Perils of a Sheep Hunter By Victor Plotnikow

When my feet slipped out from under me and I fell that day, I thought it would be just another minor mishap, one of many that I have had during my career as a sheep hunter. It turned out to be, however, a terrifying experience that came very close to ending my life.  I have had a lifelong obsession with hunting alone in some of the wildest places left in North America. However, I no longer hunt solo. One of the reasons just might lie in the story I am about to tell…

I was hunting California bighorn sheep in the southcentral part of British Columbia, along the mighty Fraser River. This is very rugged, desert – like country very different from the Peace River country where I live in the northeastern part of the province. My wife and I had driven down from Fort St. John to Clinton and then made our way down some unbelievably steep backroads to the Fraser River valley where we set up our camp and prepared for the upcoming hunt – our second one in that area. British Columbia has four varieties of mountain sheep; Stone’s sheep, Dall’s sheep, Rocky Mountain bighorns, and California bighorns. I had previously harvested the first three, but the California bighorns had always eluded me so here I was, pushing sixty, still trying to get one to complete my collection. This was not a truly “solo” hunt as my wife was going to be relatively close at hand, enjoying the comforts of staying in our camper and venturing out once in a while for some chukar shooting. As is common in sheep hunting, I spent the first few days doing a lot of glassing, but eventually concluded that it was time to put on my Meindl hunting boots and venture down into the steep and rocky hillsides, ravines, and cliffs where I hoped the sheep might be hiding out.

The day started off pleasantly enough. My wife dropped me off and I made my way down some pretty green hillsides until I hit the rim of the canyon. The idea was to slowly make my way along the tops of the river breaks with their near vertical cliffs, glassing into the ravines and between the rock formations called “hoodoos” that lined the bottom of the Fraser River canyon. Because of the rocky, uneven terrain I often couldn’t see all the way down to the river, so decided I needed to go down a ways to get a better look. That was my first mistake! What had looked like pretty easy going soon turned out to be much more rugged than I had thought, and soon I began to regret coming down lower. The steep hillsides here were covered with loose rocks, stones, and pebbles. A fall could easily result in a long slide followed by a vertical drop of fifty or more feet onto the jagged, spear-like boulders and hoodoos at the bottom, and almost certain death.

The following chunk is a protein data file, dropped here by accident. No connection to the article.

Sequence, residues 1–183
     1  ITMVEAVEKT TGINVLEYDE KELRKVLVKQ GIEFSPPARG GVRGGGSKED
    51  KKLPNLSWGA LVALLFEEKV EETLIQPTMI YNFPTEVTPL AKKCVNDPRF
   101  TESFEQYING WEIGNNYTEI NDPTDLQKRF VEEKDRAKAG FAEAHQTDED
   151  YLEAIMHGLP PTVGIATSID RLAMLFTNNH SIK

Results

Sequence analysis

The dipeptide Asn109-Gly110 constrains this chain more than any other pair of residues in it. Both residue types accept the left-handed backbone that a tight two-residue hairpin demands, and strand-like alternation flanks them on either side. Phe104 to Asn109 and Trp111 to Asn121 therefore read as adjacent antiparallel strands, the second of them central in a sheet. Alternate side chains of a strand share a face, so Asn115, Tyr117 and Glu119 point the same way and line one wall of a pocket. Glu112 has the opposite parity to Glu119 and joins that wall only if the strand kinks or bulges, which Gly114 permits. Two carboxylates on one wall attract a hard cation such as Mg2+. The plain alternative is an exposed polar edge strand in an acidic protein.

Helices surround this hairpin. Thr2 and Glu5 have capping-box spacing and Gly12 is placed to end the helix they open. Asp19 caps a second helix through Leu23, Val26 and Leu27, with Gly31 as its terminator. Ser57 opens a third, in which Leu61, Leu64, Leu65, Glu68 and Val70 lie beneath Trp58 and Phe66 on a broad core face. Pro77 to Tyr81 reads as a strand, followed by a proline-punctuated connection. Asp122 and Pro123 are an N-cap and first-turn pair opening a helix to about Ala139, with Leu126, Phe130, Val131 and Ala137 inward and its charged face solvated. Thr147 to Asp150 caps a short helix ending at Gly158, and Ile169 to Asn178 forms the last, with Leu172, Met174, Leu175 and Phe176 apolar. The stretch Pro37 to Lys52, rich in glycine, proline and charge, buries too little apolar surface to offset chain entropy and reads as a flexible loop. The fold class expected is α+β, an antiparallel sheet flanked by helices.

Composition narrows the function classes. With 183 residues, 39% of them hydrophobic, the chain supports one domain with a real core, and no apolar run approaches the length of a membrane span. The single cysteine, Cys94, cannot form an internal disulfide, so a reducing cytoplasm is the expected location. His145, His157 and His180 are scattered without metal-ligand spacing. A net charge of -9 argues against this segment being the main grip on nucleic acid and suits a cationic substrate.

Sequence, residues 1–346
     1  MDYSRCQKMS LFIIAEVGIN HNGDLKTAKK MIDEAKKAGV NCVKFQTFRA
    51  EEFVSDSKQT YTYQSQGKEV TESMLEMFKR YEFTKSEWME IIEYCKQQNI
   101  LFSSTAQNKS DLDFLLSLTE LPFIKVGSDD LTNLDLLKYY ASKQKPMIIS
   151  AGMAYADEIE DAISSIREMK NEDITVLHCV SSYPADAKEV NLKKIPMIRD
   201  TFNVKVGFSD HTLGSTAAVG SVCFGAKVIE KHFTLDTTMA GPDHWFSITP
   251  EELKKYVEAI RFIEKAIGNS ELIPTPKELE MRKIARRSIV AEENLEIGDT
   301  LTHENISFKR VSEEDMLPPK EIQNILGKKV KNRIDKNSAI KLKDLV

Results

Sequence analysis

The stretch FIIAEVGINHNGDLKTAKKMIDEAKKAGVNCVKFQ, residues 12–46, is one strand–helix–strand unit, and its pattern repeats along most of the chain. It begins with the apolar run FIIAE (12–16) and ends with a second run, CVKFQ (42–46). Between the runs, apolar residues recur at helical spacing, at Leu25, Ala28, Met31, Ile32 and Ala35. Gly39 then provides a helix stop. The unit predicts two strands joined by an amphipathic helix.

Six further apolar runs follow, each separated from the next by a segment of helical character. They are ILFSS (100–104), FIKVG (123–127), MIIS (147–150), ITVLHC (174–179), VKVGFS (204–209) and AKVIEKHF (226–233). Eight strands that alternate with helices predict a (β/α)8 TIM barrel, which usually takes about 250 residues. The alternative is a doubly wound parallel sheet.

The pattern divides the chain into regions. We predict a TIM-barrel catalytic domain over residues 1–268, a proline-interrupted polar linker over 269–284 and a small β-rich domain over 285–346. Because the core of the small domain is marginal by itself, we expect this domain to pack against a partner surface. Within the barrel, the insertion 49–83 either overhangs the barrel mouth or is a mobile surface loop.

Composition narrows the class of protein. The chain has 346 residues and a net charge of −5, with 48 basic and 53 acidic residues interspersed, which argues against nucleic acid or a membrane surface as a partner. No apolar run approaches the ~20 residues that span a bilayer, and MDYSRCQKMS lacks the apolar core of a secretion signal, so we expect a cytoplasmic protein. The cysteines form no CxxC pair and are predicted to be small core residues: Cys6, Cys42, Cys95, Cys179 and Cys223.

I got to a point on the hillside where I could not go any further unless I made a jump. It wasn’t much of a jump, nothing that I hadn’t ever done before, and I decided to go for it. Mistake number two! As I landed, my boots hit an area of small stones that acted as ball bearings. My feet immediately slipped out from under me and I fell, twisting so that I was face down. As soon as I hit the ground I started to slide but dug the toes of my boots into the surface, confident that I would stop my descent. It was not to be… I began accelerating at a great rate of speed, frantically trying to stop. The binoculars that were around my neck were painfully digging into my t-shirt covered chest, and I clung to my rifle with my left hand. The fingers of my right hand, meanwhile, were trying to dig into the rock as I continued to slide, and then to slide even faster. And then all of a sudden, I slowed down and came to a stop. I was going to make it, I thought. At that very instant I began to slide again! Desperation began to set in. I tried to slow my descent by digging my riflescope into the ground. Looking back over my shoulder, I saw that I was only thirty or so feet away from the dropoff  that I knew would kill me. At the same time, I noticed a somewhat bigger rock sticking out of the ground and coming up fast on my left. I still don’t know how I accomplished this, but as I came by that rock I tossed my rifle up and caught it with my right hand, simultaneously grabbing at the imbedded rock with my left. The rock held! My arm had almost been pulled out of its shoulder socket, but I had miraculously stopped. Carefully, ever so carefully, I started pulling myself sideways over the rock that had saved my life and to safer, more stable ground.  Eventually I managed to get to my feet, and still shaking, evaluated my injuries. I was scratched up, bloodied, and covered in dust, but I was going to live… As I stood there I looked over the edge of the cliff and saw that there was no way I could have survived the fall.

I eventually made it back up the steep slopes by following a narrow ridge that led to those grassy hillsides above. Once there, I managed to reach my wife by two way radio and she picked me up on the road and drove me to camp. I sat down on a lawn chair and almost immediately fell into a deep sleep for two hours. The next morning, we headed for home. I have not been on a sheep hunt since…

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